1. Make a TV, of course. They already have the Apple TV that runs OS X. All they have to do is add the Mac layer and voila!

        Or you can use a Mac Mini!

        Why compete for crumbs in the TV manufacturing businiess?

        1. I don’t get it either.

          Pioneer have dropped out of the TV business because they couldn’t make any money making high quality TVs.

          Siri would make a great access point to the web and media in the house but are people willing to pay for that in a TV? I’d still prefer a set-top-box cause I don’t need a new TV.

            1. Tv sound can be cancelled out when giving viewing instructions. When you know what sound is coming from the device, it is quite simple to “remove” it from new input that sits on it. They already do this with phones and other devices.

          1. I truly believe Apple will not make an actual television set. That makes no sense. They will create a new version of the Apple TV set top box, with reimagined access to the content and subscriptions we desire in a way that actually makes sense.

  2. “Well now home entertainment was my baby’s wish
    So I hopped into town for a satellite dish
    I tied it to the top of my Japanese car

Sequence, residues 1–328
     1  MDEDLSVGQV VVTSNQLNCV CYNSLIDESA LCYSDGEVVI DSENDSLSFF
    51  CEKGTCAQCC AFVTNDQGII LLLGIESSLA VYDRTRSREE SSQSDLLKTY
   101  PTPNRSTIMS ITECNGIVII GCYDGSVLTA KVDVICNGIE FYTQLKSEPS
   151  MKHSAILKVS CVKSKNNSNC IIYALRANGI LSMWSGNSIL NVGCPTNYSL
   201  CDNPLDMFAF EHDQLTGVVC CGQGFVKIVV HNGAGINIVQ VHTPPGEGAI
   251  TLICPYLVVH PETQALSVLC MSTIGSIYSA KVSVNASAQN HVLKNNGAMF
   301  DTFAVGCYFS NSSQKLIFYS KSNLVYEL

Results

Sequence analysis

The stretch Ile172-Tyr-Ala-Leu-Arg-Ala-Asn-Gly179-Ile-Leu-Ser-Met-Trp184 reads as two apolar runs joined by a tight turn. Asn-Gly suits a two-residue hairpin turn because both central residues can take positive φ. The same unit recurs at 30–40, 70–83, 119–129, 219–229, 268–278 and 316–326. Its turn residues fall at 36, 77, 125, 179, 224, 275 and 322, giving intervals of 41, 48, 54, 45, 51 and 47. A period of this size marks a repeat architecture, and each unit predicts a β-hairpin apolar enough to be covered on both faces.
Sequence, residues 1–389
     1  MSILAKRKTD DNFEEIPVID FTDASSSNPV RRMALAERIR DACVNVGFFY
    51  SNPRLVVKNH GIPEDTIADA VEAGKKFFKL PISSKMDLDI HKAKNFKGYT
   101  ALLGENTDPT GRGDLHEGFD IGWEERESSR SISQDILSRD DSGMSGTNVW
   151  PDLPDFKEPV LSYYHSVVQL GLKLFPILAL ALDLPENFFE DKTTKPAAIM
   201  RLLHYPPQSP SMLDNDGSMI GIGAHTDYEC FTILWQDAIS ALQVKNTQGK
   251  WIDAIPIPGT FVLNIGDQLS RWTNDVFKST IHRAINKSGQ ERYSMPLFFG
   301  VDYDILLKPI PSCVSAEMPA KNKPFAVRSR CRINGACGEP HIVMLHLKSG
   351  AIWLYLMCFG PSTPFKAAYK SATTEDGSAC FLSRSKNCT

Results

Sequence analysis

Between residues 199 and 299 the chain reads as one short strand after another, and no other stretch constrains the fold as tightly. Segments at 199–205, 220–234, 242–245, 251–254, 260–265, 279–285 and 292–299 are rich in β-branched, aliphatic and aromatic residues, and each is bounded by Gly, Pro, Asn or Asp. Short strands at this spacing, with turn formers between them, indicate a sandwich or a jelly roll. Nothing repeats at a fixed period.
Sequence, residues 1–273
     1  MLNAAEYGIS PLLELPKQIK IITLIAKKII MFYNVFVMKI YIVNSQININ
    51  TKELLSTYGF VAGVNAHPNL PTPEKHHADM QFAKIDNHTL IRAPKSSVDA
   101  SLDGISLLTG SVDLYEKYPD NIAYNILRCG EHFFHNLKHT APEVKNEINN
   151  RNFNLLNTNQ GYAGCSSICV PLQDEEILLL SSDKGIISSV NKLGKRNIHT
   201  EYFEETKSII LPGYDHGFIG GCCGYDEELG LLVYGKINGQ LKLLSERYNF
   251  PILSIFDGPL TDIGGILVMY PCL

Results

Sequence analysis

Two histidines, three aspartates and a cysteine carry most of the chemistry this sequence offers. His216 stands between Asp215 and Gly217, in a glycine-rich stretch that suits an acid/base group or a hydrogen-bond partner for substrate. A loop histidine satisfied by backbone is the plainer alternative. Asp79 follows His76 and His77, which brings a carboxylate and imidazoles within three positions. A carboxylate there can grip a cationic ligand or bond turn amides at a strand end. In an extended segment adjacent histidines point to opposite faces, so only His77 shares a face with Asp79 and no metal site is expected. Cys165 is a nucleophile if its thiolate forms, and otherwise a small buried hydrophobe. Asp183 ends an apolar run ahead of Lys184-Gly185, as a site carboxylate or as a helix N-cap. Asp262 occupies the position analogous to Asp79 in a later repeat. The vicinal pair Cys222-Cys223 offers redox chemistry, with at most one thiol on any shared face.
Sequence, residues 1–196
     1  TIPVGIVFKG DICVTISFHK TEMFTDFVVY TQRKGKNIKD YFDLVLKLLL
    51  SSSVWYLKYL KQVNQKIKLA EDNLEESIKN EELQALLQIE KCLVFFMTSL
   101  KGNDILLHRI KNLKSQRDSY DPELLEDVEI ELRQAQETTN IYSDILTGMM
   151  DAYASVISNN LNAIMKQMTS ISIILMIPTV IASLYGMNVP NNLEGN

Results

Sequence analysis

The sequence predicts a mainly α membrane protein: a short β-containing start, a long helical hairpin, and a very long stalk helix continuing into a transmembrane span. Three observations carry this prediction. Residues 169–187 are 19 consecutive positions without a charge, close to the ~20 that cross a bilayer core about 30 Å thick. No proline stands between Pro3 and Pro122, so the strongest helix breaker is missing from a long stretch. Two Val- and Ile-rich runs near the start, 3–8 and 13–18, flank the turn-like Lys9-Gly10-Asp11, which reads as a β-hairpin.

I came home and I pointed it out into the stars
    A message came back from the great beyond
    There’s fifty-seven channels and nothin’ on
    Fifty-seven channels and nothin’ on
    Fifty-seven channels and nothin’ on”

  3. NY Post is a tabloid, and this story about ‘iTV’ will probably run for years pointless unless Apple will either release something or forget about it.

    Such stories should not be published since there is no essence for now in them.

    1. Lots of people still refer to a remote as “the clicker” – our household does. Do you “dial” a phone? When was the last time a phone had an actual “dial?”

        1. When’s the last time a “cell” phone used a cellular tower? Why are they still called “ring” tones, when some of them sing. Shouldn’t they be called “incoming call audible notification” ?

  4. I’m definitely looking forward to this. I believe Apple will get it right. I got rid of my Verizon FiOS TV service (although keeping the very speedy Internet service) and replaced it with the AT2 and a Netflix account and I love it since I only like to watch a few movies and documentaries every now and then. The only bummer is not being able to watch live sports and I’m not enough of a sports freak to pay separately for it.